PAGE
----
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Article | October 31, 1996
R&D managers urged to see the global picture
Packaging research and development managers will need to expand their view beyond the four walls of the corporate fortress. That means paying closer attention to the economics of R&D decisions, and understanding the company's international role.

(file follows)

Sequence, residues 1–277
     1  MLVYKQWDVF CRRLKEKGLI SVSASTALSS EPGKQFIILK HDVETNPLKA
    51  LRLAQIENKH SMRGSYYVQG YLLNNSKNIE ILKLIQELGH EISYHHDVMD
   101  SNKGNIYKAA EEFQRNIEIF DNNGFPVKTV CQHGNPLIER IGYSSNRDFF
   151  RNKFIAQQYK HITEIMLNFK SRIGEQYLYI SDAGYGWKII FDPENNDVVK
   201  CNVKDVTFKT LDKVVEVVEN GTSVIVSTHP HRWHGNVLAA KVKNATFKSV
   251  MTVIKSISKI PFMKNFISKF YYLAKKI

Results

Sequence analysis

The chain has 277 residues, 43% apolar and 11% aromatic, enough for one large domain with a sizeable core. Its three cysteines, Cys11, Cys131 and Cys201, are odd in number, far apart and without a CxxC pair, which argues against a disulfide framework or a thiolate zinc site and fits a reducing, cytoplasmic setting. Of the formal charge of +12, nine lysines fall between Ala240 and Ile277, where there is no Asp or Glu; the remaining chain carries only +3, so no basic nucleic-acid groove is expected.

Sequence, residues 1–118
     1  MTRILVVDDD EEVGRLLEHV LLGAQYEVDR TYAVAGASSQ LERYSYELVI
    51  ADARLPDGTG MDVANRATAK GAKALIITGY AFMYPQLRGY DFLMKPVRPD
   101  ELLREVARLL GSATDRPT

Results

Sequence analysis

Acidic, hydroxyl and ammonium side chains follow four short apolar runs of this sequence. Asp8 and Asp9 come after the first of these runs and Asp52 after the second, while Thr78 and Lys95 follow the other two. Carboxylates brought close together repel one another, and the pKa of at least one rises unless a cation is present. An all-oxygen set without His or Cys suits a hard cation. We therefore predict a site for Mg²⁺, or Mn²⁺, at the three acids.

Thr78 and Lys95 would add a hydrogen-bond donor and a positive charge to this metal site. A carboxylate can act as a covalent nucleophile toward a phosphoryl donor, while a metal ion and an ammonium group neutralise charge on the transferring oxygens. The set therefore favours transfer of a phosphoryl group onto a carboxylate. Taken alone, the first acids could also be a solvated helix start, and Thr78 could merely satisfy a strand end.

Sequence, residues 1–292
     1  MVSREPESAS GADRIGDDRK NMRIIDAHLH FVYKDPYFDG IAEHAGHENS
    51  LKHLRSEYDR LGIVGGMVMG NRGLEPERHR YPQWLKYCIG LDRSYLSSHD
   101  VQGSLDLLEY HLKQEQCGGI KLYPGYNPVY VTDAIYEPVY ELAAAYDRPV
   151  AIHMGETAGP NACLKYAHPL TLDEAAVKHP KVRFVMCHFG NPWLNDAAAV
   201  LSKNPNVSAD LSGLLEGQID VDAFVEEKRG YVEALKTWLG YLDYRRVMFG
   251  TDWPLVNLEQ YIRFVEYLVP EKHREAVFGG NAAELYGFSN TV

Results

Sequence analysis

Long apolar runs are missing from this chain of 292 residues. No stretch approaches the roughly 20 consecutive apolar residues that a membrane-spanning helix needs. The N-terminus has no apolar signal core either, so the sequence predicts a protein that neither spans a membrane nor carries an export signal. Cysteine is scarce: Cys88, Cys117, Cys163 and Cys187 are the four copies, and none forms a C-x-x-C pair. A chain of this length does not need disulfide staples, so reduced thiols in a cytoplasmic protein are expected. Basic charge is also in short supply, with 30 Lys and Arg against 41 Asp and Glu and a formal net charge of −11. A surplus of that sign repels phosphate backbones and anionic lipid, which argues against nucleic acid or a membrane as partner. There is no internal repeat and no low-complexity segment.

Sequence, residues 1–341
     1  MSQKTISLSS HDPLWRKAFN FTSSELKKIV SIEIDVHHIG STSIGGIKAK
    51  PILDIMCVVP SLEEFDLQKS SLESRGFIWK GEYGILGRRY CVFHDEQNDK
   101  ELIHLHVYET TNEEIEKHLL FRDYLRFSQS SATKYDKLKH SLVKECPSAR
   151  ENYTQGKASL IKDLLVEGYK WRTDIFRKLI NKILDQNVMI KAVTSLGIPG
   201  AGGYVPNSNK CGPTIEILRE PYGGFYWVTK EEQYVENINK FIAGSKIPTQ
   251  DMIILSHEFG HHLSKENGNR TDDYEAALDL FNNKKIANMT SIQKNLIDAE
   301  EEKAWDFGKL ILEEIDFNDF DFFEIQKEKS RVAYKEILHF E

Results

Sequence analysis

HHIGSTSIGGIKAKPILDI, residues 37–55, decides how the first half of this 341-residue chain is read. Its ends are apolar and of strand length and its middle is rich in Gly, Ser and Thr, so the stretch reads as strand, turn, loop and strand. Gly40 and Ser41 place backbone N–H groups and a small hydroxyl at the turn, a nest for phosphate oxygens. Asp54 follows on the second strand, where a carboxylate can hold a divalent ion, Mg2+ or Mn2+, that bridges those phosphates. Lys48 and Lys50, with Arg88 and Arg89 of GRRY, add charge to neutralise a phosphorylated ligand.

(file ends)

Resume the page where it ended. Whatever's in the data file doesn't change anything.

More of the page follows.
Global perspective The successful R&D manager of the future will need to look far beyond the expertise of his supplier(s). While the expression sounds trite, the "global marketplace" is already a reality. Yet how many R&D pros actually peer out beyond the four walls of their corporate fortress to understand what this really means to the firms that employ them? "If you're going to work for a large company, chances are that at some point, that company will go international. When it does, you'd better have a damn good perspective outside your own little world," argues Norm Nieder, group director, Packaging Technology Group, Anheuser-Busch. "If you've only been exposed to the neat, nice, perfect world of suppliers in the U.S., you'll be in big trouble once you start to do business in the second or third world," he says. Can you train for such an experience? "The broader the exposure you have, and the more oddball the experiences, the more unconventional ways you have to [accomplish] things." He points out that lessons can be learned from companies like McDonald's and Coca-Cola that have done well around the globe. "Their objective is to understand the local culture. What's good in America isn't necessarily good for everyone else. So you'd better learn what makes them tick and then work within that particular system," Nieder says. As Nieder suggests (see sidebar on p. 93), setting up shop around the globe can have its perils. "In the last four years, we've spent considerable time learning about the global marketplace. One of the things we've been able to do to source materials is to rely more heavily on multinational companies that have tentacles outside of the U.S.," he explains. The same goes for packaging equipment, though Nieder warns that using machinery to replace manual labor can be a tricky business, particularly in the Far East. For example, he says, "We have a brewery in China that employs about five times the number of people used in our stateside plants. But when we bought an 80 percent stake in the brewery, we also bought 100 percent of the workers. And for many of these jobs, it's 'till death do you part.'" The importance of the "people side" of an international packaging operation cannot be overstated. "You have to practice a lot of restraint, otherwise you can easily overwhelm these people," Nieder believes. "You have to think about how far you can take these people without demoralizing them." Chris DeCoster, a senior packaging engineer for the R&D Food Division within The Dial Corp, agrees with Nieder that the Asian market represents a huge opportunity for packaging companies. To take advantage of opportunities regardless of geographic location, he recommends "any type of international work experience. It is becoming more important whether it's in distribution, working with international copackers, developing foreign language skills or understanding different customs. The real opportunities are in developing countries." He believes these skills take on added significance considering what he perceives as limited opportunities in the U.S. "The markets here are saturated. Everyone is stealing market share from everyone else," he says. Business acumen Some of our experts believe that business-oriented concepts like share of market ought to be at the forefront of the R&D manager's thought process. "More than ever, R&D will have to resist the temptation to be enamored of pure technology and focus on business needs," believes Mark Niemiec, vice president and director of packaging at Campbell Soup, Camden, NJ. Bob Patel, plant engineer for United Distillers Production in Plainfield, IL, says "There's a need for more of a business background in making buy or sell decisions. You need to at least understand the break-even point. The business and economic aspects, and an understanding of their own business, is something I don't always see in people." Bruce Cohen, Glaxo Wellcome's director of packaging, gives an example related directly to the pharmaceutical/medical market his company serves. "R&D people won't be able to work in as much of a vacuum as they used to. They'll have to become part of the business team to a greater extent. Decisions need to be made as business decisions, not strictly R&D decisions, so R&D will have to ask themselves 'what's the impact on the business down the road?'" In a broader sense, he says, "most of the science and effort has been in the discovery of new medicines, with packaging viewed as a necessary evil. It's as if companies were saying, 'We have to put this product in something, so you guys figure this out.' In the future, "there will have to be more interaction between product development people and packaging R&D." Especially for pharmaceutical companies, Cohen believes. "The ideal packaging R&D person will have not only the knowledge of the packaging materials but also understand the interaction of those materials with the product being marketed," he says. World Wide Web Without exception, our experts called on R&D personnel to arm themselves with as much information and computer-related training as possible. "The R&D professional will have to be a wizard at information technology," asserts Aaron Brody, managing director, Rubbright Brody. "Not only for day-to-day problems related to manufacturing and marketing, but in knowing what happened at the latest interpack show one nanosecond after it closed. We're drowning in information." Speaking of information, the World Wide Web represents another tool for R&D. "Via the Web, we were able to locate a legal consultant in Hong Kong to obtain an e-mail translation of local box coding requirements, free of charge," explains Paul G. Russell, corporate packaging program manager for Hewlett-Packard, Palo Alto, CA. "Within a day, we were able to analyze the law and respond appropriately. "In the future," he says, "it would be really beneficial to use this technology to be able to get design information from suppliers." Not surprisingly, computer-aided design and computer-aided manufacturing was seen as a skill growing in importance, according to our experts. Dial's DeCoster says packaging drawings and specifications must be accessible on a database to people at the plant level, instead of relying on paper manuals that may be outdated. Dr. Jorge Marcondes, the packaging program director at San Jose State (CA) University, emphasizes software as a tool that can assist packaging operations ranging from the design of folding cartons and corrugated cases to programs that specialize in case and pallet stacking patterns. Additional skills Knowledge of plastics, testing procedures, science and math topped the list of basic skills needed by future packaging R&D pros. "Understanding resins and material processes is extremely important," says John Lowery of Quality Search. "That's very helpful if you want to get into the consumer products, HBA or cosmetics business." He also says that, "companies are becoming more flexible in the hiring process. They will create a job, or tweak an existing job to fit a set of skills a person brings, if that person comes across as technically sharp." Dan Goodwin, chairman of the department of packaging at Rochester Institute of Technology, Rochester, NY, elaborates on the importance of knowing materials. "The R&D person will have to know how to optimize material usage, understand what happens when plastics are burned in a municipal incinerator, and what happens when you try to grind up coextruded material for remelt and reuse." Testing skills, often learned at packaging schools, should benefit future R&D professionals. "With all the new packaging materials coming onstream, shock and vibration testing will gain in importance," says Nicolle Dutts, packaging engineer/ senior associate for IBM's Custom Solutions Manufacturing/Technical Services Laboratory. "On many of these newer materials, there is a limited amount of information or product history," she says. "If a person's testing skills aren't solid, you won't have a good understanding of shock, g-levels and cushion curves. It will be like guessing. You have to be able to understand what a product will incur during the distribution cycle and design a package that will stand up to that cycle." San Jose State's Marcondes believes that companies will need to scrutinize testing techniques as they try to cut down on the amount of materials used in packaging. "For cost and environmental reasons, companies can no longer afford to use excess packaging materials." When you combine a reduction in materials, or downguaged materials, with the same if not greater distribution demands, the potential exists for greater shipping damage. To offset this potential problem, Marcondes suggests, "companies can't just come up with a new product and say 'let's make a package for it.' People will have to create tailor-made designs based on their knowledge of the materials and their distribution process." "There's a fundamental need to emphasize science and mathematics relative to applying technologies such as measuring the environment in a packaging testing lab." So says Michael Scheel, manager of packaging engineering for Raytheon Appliances. Barbara Blackstone of the Food Chemistry & Packaging Department at the National Food Processors Assn., agrees with Scheel. "An R&D person needs to know not only the packaging material specifications, but also food science. The dichotomy between packaging and food science will need to be diminished," she believes. Educational foundation Ken Neuburg, packaging program director at the University of Wisconsin-Stout, says, "Companies won't look for people who offer band-aid solutions to packaging problems. You need to be able to look at a product and develop a package that addresses transportation and shipping issues, as well as solve packaging line problems that may develop." Stout's assistant professor, Dr. Kay Cooksey, adds, "The R&D person of the future will need not only broad decision-making skills, but will also have to be up to date on new material technologies, laws and regulations, and new developments in technical research in order to develop packaging for new products." Theron Downes, associate director of Michigan State University's School of Packaging, offers another perspective on research and development through the eyes of the educational sector. "Some food companies almost exclusively target our grads for R&D. Graduates with a bachelor's degree are ready to go to work in food packaging," he says. "They are more like engineers in that they understand the basics, but they're not ready to be the head of the R&D department. For companies looking to fill this slot, they should look for graduates with advanced degrees. These people have skills in motivation, understanding people and interacting with them." Earning a Bachelor's Degree, then working your way up the ladder of responsibility, is a tried-and-true approach in many professional fields, including packaging. Anheuser-Busch is a good example. "For a long time, we drew heavily on our interns, but we needed more experienced people," says A-B's Nieder. "We recently had three guys retire with about 128 years of total experience. We replaced them with people that had a combined 15 to 20 years of experience. It was a good transition in that the newer people had some work experience, but with a fresher outlook." R&D courses The packaging schools here in the U.S. offer a wide variety of courses that could benefit prospective and active packaging professionals. Some of the specific topics covered within these courses that are applicable to R&D include: - Rochester Institute of Technology-The relationship between packaging and marketing and how the package functions as a marketing tool; the manufacture, physical and chemical properties, and the use of packaging materials, with different courses emphasizing plastics, paperboard, glass, metals, etc. Also, practical experience using testing instruments to determine the physical properties of varying materials; reviewing computer software packages for optimizing package sizing, process control; studying recent packaging regulations; analyzing potential damage due to impact or vibration forces; considering package design in relation to disposal, recycling and recovery of resources. - Michigan State University-Testing, evaluating and predicting package performance under various environmental conditions; how selection and design affects performance; merchandising; understanding the structure and use of decision systems in management, and the use of microcomputers to support those decisions; interrelationships between packaging, material handling, warehousing, logistics and distribution, as well as package design and testing; developing solutions to specific packaging problems. - California Polytechnic State University-Basic operations in processing, fabricating and finishing of thermal plastic and thermal setting resins, product and materials testing, plastics and the environment, laws pertaining to plastics; principles of protective packaging, including test methods for cushioning, blocking, barriers, etc. Also, analysis of packaging configurations, closing features, locking devices and labels. - University of Wisconsin-Stout-Considering how packaging systems support distribution functions; using equipment that measures, forms, fills, seals, cartons, cases, uncases and labels; packaging design to protect product during distribution; packaging department organization, economics and specifications. R&D's future Clemson's Bob Testin waxes philosophical to summarize the future for packaging research and development. "When it comes to materials, there are a host of barrier and sealing properties coming out that will cause major shifts in material selections and not only in plastics. As a researcher, you have to know what's out there. "You also have to know your company's tactical and strategic plans to determine if a new material will fit into that," he says. "Careful evaluation will be necessary, not only in polymers, but for other types of materials, too." Testin cautions that R&D and marketing must work together to make the product/package combination succeed. "In my judgment, R&D should be kept on a short leash. Development needs to be driven by marketing. You don't want to stifle research, not by a long shot. But I don't believe you want to let research proceed too far down the path without a good, hard look from marketing and the rest of the corporation." 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New product development at food, drug and other packaged goods manufacturers is conducted behind a veil of secrecy for obvious reasons. After all, why tip your hand to the competition any sooner than you have to? But is there a downside to this guarded approach? Wouldn't prospective vendors be much better positioned to supply more appropriate, quicker solutions if they had more access to their customers' research and development people instead of having to put up with this atmosphere of secrecy, which some describe as the "arm-in-the-white-lab-coat syndrome"? Clemson University's Bob Testin, who chairs South Carolina University's school of packaging, believes the answer is yes. The way he sees it, how can a vendor know why his proposed solution missed the mark when the vendor is stuck outside the development process and sees nothing more than that anonymous white-coated arm taking in ideas and handing back rejections? Testin encouragespackaging R&D people of today and tomorrow to find ways of developing a more collaborative approach to their business. Based on comments ascertained from several packaging experts, collaboration makes perfect sense. For example, packaged goods manufacturers appear to be relying more and more on their vendors for material and machinery suggestions. One likely reason for this is simply that manufacturers are not teeming with R&D personnel. Economics most certainly factor into this equation. Those firms with deeper pockets may have engineers that work for an R&D manager who in turn reports to a Director of Packaging, or a person with a similar title. "In many consumer-oriented companies like ours, packaging development is being whittled back and outsourced," explains Jim Scott, director of packaging development for Nabisco Biscuit Co., East Hanover, NJ. "Some companies rely ultimately on suppliers," he continues. "We've kept a strong packaging development group, but designing packaging is really not our business. We take world-class technology from our material or equipment suppliers to help us move a product to market. We need to integrate their ideas to develop a cost-effective, user-friendly product and package quickly, rather than having to invent something." John Lowery, an executive affiliated with recruitment firm Quality Search, concurs, but with an added recommendation. "Packaging research and development has to really push the vendor in terms of thinking outside the box. You have to come across as creative, thinking outside the limits of today's technologies for ideas on different ways to get the job done."